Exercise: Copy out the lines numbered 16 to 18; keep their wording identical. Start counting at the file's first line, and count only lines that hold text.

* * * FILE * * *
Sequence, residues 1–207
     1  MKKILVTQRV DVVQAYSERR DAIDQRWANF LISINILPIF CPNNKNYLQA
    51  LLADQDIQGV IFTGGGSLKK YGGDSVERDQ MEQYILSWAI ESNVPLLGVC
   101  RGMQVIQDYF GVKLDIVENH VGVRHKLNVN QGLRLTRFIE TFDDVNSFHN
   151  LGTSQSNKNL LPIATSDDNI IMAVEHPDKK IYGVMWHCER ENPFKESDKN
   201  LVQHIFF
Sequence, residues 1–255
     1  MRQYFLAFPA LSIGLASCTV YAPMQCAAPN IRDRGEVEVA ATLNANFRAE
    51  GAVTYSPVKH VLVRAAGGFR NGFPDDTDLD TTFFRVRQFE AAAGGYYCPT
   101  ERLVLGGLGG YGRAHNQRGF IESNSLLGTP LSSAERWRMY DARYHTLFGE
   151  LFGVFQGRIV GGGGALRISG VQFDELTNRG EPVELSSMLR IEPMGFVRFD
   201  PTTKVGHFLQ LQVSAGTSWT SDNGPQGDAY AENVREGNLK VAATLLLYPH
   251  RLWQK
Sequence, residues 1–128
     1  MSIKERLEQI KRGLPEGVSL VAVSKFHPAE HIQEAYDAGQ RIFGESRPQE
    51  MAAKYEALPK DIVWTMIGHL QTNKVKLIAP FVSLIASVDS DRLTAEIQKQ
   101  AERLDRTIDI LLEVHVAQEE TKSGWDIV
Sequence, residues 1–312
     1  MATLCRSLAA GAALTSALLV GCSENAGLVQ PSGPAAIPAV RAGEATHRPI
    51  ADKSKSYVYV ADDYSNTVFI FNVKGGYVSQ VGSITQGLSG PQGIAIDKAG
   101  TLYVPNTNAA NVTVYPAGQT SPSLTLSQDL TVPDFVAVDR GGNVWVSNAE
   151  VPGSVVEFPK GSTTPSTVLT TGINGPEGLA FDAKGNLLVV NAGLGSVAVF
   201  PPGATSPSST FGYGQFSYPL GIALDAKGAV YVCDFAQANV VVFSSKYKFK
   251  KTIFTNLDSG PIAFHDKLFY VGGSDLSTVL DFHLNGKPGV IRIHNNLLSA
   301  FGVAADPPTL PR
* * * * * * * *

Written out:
    51  MAAKYEALPK DIVWTMIGHL QTNKVKLIAP FVSLIASVDS DRLTAEIQKQ
   101  AERLDRTIDI LLEVHVAQEE TKSGWDIV
Sequence, residues 1–312